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Publication numberUS5498950 A
Publication typeGrant
Application numberUS 08/237,565
Publication dateMar 12, 1996
Filing dateApr 29, 1994
Priority dateApr 29, 1994
Fee statusPaid
Publication number08237565, 237565, US 5498950 A, US 5498950A, US-A-5498950, US5498950 A, US5498950A
InventorsDavid B. Ouwerkerk
Original AssigneeDelco Electronics Corp.
Export CitationBiBTeX, EndNote, RefMan
External Links: USPTO, USPTO Assignment, Espacenet
Battery monitoring, charging and balancing apparatus
US 5498950 A
Abstract
Battery charging apparatus comprising a power source coupled to a battery pack comprising a series connected plurality of batteries, and a charge controller and battery balancer coupled to the battery pack that monitors, controls the charging of, and balances the plurality of batteries of the battery pack. The power source is used to charge all of the batteries under control of a controller. The controller is coupled to an isolated current source in the battery balancer and to a battery voltage sensor. The controller is coupled to a plurality of sensors that monitor predetermined battery conditions. The isolated current source and battery voltage sensor are coupled to each battery of the battery pack by way of a monitoring bus and a plurality of controlled switches. The controller monitors the individual battery voltages using the battery voltage sensor and controls the isolated current source to individually balance low-voltage batteries based upon voltages sensed by the battery voltage sensor.
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Claims(6)
What is claimed is:
1. Apparatus for monitoring, charging and balancing a plurality of serially connected batteries, said apparatus comprising:
a power source means coupled across the plurality of serially connected batteries for providing charging power thereto;
a plurality of sensors coupled to the plurality of batteries for monitoring conditions thereof;
a controller coupled to the power source for communicating therewith to control the operation thereof to charge the plurality of serially connected batteries, and coupled to the plurality of sensors for monitoring the predetermined conditions of the plurality of serially connected batteries;
a plurality of controlled switches wherein adjacent pairs of controlled switches are coupled to respective positive and negative terminals of respective ones of the plurality of batteries, and wherein the controlled switches are coupled to the controller for providing activation control signals thereto;
a monitoring bus coupled to the plurality of controlled switches;
a battery voltage sensor coupled to each of the the plurality of controlled switches by way of the monitoring bus, and coupled to the controller, for selectively sensing the voltage of each of the plurality of batteries under control of the controller; and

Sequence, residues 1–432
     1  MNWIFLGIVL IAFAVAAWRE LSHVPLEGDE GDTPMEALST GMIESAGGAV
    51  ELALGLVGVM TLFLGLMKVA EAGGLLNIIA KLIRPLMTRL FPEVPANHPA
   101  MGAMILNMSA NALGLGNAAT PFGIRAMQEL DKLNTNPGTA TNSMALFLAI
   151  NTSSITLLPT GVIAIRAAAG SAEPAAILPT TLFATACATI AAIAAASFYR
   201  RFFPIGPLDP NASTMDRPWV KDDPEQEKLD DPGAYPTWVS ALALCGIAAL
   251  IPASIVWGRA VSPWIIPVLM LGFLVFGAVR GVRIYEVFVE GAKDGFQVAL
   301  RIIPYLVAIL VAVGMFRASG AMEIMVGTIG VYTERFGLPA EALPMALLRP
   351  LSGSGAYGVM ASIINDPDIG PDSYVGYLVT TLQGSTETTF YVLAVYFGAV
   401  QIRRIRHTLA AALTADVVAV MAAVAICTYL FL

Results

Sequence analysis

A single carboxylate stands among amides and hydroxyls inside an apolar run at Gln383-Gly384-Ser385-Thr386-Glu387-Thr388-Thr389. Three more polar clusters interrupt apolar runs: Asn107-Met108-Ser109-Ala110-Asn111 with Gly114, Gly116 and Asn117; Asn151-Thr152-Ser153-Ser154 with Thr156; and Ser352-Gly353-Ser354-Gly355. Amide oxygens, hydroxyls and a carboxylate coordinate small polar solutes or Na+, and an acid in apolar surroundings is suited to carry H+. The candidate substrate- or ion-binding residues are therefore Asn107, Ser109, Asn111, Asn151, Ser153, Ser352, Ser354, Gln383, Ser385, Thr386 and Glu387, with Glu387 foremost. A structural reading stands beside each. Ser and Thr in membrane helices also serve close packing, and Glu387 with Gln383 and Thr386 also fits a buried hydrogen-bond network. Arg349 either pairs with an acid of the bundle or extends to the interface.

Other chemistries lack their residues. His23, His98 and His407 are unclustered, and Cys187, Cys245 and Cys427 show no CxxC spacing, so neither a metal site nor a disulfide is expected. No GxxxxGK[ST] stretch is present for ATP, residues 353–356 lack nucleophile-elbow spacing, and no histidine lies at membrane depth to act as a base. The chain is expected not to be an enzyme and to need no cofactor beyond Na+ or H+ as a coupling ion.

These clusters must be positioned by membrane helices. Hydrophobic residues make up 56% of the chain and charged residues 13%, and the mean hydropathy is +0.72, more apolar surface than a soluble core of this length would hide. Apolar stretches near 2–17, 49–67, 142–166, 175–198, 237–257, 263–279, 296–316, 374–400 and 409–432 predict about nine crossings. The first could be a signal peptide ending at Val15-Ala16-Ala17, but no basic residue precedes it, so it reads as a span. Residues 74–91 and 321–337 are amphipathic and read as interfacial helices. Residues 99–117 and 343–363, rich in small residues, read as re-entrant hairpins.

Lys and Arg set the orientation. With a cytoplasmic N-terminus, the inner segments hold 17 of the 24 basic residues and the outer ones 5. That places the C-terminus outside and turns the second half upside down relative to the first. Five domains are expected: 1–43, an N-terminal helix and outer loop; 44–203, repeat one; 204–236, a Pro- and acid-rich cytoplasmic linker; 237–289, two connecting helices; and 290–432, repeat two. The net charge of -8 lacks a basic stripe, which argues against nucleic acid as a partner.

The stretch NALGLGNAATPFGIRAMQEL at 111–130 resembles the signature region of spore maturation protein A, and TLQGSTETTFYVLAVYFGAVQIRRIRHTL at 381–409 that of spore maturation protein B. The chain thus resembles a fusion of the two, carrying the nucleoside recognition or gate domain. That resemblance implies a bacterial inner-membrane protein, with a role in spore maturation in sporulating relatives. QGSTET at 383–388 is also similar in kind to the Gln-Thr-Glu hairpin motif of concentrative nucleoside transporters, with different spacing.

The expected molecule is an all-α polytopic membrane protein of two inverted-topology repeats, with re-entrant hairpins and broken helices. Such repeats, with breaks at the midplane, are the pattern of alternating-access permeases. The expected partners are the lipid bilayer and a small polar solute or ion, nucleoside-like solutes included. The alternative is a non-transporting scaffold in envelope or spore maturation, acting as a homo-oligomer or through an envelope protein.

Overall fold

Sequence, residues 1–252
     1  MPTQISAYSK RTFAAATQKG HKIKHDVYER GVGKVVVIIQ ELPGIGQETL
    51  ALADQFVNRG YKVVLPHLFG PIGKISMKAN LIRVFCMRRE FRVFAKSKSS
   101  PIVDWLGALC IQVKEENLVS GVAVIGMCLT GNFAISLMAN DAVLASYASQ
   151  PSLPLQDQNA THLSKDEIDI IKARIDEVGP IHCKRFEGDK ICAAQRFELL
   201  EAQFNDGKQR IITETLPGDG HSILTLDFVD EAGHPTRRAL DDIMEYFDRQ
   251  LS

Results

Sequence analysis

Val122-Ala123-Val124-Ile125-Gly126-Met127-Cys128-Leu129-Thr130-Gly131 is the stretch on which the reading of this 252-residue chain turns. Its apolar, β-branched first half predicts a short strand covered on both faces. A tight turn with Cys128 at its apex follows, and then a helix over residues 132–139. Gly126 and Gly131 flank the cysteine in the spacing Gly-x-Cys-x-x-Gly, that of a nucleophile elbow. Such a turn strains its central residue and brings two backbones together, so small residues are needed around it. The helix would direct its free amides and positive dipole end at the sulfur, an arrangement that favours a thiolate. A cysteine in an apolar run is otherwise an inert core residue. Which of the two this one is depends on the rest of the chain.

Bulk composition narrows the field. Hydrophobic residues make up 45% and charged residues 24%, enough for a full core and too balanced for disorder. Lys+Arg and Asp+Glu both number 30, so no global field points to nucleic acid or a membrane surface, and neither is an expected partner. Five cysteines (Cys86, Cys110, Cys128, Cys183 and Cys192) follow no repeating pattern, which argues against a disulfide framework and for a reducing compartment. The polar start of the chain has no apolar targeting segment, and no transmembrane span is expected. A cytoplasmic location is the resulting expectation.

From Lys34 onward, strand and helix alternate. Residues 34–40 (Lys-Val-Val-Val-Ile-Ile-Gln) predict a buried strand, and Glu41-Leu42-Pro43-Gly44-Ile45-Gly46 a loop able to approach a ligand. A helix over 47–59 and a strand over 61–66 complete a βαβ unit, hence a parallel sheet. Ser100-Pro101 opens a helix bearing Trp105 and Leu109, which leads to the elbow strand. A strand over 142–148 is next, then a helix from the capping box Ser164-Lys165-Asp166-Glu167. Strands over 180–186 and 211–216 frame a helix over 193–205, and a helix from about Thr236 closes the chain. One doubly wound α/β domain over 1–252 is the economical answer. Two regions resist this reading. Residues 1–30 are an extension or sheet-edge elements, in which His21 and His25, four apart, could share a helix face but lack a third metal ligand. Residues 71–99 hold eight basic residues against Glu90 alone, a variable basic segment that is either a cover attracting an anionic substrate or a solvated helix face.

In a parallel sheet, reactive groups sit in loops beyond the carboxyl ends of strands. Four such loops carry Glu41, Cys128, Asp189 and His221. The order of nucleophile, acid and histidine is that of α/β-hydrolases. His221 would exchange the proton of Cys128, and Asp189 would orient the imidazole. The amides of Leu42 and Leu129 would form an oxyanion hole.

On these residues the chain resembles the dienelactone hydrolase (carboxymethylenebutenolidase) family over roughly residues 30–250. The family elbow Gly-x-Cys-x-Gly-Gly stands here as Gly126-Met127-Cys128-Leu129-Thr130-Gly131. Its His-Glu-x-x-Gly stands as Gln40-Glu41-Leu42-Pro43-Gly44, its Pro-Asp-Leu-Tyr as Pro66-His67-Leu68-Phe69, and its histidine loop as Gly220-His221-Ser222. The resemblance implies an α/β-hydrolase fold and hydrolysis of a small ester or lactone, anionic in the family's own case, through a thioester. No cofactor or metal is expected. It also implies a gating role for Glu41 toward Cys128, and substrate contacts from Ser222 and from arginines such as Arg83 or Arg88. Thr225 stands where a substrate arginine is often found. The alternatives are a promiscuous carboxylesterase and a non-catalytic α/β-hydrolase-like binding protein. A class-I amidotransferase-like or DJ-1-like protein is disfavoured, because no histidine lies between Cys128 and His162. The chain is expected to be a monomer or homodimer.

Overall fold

a current source coupled to the plurality of controlled switches by way of the monitoring bus, and coupled to the controller, for supplying current to a selected battery under control of the controller.
2. The apparatus of claim 1 wherein the current source comprises about a 0.5 amp current source.
3. The charging of claim 1 wherein the plurality of sensors comprise a plurality of temperature sensors and a battery current sensor.
4. The apparatus of claim 1 further comprising a decoder and driver circuit is coupled between the controller and the plurality of controlled switches.
5. The apparatus of claim 1 further comprising an isolated current source coupled to the controller for producing a plurality of voltages thereto.
6. The apparatus of claim 1 further comprising a plurality of signal conditioners coupled between the plurality of sensors and the controller for comparing the conditions sensed by the sensors to predetermined thresholds, and for outputting a signal indicative of the comparison.
Description
BACKGROUND

The present invention relates to battery chargers, and more particularly, to battery charging apparatus that provides for battery monitoring, charge control, and battery balancing for use with an electric vehicle, and the like.

The assignee of the present invention designs, develops and manufactures battery charging systems for use in charging batteries of electric vehicles, and the like. Battery packs used in electric vehicles are typically strings of batteries, having on the order of 150 series coupled cells. The ability to balance the energy contained in each of the batteries improves their life and useful capacity.

There is a tendency for each cell within individual batteries, when connected in series, to have a different energy storage capacity. This is caused be many variables including, but not limited to, temperature, initial tolerances, material impurities, porosity, electrolyte density, surface contamination, and age. When discharging a series string of batteries (a battery pack), the amount of useful energy that can be extracted depends upon the weakest cell or battery. Battery balancing is therefore periodically required to maximize energy storage capacity of the battery pack. Reduced energy storage capacity equates to reduced battery pack life. This is due to the damage caused by "cell reversal" encountered when one cell is much different from the others in terms of its stored energy.

The classical means for balancing a battery pack is called equalization charging. This involves passing a low current through the battery pack thus charging the low cells while the fully charged cells slowly evolve gas (through electrolysis). It is done at a low current to minimize damage to "good" cells.

Balancing batteries during discharge (propulsion of an electric vehicle, for example) is especially important for situations where only quick recharging is used. Balancing is a low magnitude but long duration process, and conventional equalization charging is also a slow process. Quick recharging is unable to fully charge a battery pack due to limitations of most battery chemistries (chemical transport limit). This tends to aggravate balancing because there is no time for periodic equalization charging.